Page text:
Police Investigate the Rubber Bullet Case

"Upon the request of the Budapest Investigation Authority - following the HCLU's press conference yesterday - the head of the National Police Headquarters (NPH) initiated an investigation by the NPH's Traffic Control Department in order to determine whether the use of the controversial firearms and rubber bullets was legal. According to available information and with reference to norms, use of these tools was legal" - notifies the police on their webpage (www.police.hu).

The HCLU has written a letter of its observations regarding the investigation to the national police chief.

Share

Related articles

Human Rights Organizations Participate in Public Hearing on the Right to Protest in Brazil

On Tuesday, November 18th, a representative of the ACLU, CCLA, CELS, EIPR, HCLU, KHRC, LRC and Liberty, who are part of the International Network of Civil Liberties Organizations (INCLO), made a presentation at a public hearing on the right to protest organized by Brazil’s Federal Attorney General’s Office and Sao Paulo State’s prosecutors’ office. The purpose of the hearing was to exchange data, information, criticism and proposals related to exercising that right.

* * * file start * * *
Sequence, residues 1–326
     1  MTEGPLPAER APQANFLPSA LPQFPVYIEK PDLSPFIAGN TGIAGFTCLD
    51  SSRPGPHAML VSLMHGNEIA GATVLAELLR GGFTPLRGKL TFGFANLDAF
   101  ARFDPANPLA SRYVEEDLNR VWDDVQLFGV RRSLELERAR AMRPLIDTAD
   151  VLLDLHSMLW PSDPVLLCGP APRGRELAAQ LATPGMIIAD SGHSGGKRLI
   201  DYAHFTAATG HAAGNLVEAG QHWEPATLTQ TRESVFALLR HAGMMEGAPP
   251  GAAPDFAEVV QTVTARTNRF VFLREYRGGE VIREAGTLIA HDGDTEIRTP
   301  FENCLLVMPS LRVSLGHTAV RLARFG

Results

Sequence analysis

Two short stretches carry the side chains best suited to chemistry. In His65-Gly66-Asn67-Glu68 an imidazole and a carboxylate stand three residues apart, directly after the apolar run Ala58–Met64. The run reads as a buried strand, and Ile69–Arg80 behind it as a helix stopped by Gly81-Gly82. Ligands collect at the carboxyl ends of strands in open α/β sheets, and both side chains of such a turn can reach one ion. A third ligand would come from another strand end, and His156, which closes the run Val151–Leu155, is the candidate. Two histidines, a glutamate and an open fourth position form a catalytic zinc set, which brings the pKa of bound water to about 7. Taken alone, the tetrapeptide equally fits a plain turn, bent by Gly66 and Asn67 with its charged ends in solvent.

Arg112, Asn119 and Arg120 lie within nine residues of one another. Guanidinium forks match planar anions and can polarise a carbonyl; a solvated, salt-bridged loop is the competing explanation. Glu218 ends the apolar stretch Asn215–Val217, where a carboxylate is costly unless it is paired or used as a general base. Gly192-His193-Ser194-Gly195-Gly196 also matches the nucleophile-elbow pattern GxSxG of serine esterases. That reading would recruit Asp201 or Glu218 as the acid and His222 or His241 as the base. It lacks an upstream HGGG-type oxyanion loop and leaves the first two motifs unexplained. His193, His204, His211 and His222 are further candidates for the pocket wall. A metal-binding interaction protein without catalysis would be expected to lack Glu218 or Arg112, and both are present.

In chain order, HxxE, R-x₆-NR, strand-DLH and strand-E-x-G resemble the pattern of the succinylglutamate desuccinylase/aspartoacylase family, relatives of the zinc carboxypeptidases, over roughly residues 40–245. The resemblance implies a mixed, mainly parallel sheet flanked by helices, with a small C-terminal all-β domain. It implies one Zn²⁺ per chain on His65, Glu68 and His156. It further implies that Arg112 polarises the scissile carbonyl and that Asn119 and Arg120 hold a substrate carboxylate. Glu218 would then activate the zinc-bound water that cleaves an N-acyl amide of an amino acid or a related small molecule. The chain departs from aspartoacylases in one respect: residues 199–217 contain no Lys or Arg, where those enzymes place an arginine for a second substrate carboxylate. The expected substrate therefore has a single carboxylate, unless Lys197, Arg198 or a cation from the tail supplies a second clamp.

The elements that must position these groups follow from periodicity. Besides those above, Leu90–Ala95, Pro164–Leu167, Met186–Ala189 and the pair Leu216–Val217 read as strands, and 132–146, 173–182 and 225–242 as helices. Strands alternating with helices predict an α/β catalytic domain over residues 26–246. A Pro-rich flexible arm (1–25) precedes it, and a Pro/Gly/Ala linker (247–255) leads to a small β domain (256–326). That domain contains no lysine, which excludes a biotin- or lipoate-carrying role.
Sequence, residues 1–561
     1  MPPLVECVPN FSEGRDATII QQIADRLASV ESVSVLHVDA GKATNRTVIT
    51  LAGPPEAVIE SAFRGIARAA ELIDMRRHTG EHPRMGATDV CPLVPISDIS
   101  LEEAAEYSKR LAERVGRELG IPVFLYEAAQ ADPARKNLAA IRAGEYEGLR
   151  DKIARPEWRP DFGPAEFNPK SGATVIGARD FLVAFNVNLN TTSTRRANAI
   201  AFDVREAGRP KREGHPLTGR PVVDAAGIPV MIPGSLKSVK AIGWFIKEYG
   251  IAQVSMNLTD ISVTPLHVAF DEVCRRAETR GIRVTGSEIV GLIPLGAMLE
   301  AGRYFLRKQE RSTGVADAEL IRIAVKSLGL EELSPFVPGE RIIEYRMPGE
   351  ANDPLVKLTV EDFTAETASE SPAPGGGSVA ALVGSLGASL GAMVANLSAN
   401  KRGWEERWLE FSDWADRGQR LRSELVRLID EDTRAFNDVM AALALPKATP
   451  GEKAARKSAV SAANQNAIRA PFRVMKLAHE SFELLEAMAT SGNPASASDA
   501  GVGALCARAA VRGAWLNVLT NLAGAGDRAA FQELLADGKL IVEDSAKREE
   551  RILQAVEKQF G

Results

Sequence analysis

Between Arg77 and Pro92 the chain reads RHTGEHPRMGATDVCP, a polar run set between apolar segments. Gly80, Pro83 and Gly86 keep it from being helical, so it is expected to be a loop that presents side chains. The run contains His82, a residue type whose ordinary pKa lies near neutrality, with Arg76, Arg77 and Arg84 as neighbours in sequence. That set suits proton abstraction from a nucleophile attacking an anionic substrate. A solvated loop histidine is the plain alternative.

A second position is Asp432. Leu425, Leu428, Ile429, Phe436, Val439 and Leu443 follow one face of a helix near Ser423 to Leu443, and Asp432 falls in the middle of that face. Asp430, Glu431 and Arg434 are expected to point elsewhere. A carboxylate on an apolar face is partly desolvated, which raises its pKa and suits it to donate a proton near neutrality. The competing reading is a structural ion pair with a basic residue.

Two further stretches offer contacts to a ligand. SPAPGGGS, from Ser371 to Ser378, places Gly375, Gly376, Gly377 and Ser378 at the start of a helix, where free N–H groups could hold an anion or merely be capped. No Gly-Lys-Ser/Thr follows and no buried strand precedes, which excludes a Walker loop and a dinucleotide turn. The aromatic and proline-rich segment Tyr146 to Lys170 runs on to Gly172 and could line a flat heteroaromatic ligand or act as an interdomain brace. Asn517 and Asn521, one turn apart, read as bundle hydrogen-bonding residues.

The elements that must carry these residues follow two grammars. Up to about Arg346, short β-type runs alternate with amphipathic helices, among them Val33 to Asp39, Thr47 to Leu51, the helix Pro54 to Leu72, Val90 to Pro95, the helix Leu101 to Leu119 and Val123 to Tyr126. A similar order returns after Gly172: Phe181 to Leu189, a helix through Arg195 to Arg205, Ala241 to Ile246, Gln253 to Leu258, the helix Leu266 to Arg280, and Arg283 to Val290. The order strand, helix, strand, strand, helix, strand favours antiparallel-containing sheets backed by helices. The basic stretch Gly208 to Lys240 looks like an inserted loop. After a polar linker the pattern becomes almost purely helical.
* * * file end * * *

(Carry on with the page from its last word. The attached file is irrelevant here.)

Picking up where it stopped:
A Court had to Overturn the Actions of the Police and the Counterterrorism Center

The Metropolitan Court of Budapest invalidated the decision of Budapest’s chief police officer that effectively banned an announced demonstration at the Prime Minister’s residence. The decision also found that closing the area, in order to prevent the demonstration, violated the law. The HCLU welcomes the decision by the court which stated that “limiting a peaceful demonstration because it is held in the presence of a high level official but otherwise serves as an expression of a political opinion is unnecessary in a democratic society.”

Pride is Free, Court Puts Police Back in Its Place

On 23 April the Tribunal of the Capiptal overruled and repealed the decision of the Budapest Police Chief, which had previously banned the Budapest Pride March. Similarly to last year, the court accepted the arguments of the Hungarian Civil Liberties Union's lawyer and rejected the 13-page-long justification of the police. The court ruled that there is no valid legal reason to prohibit the Pride March on the announced route.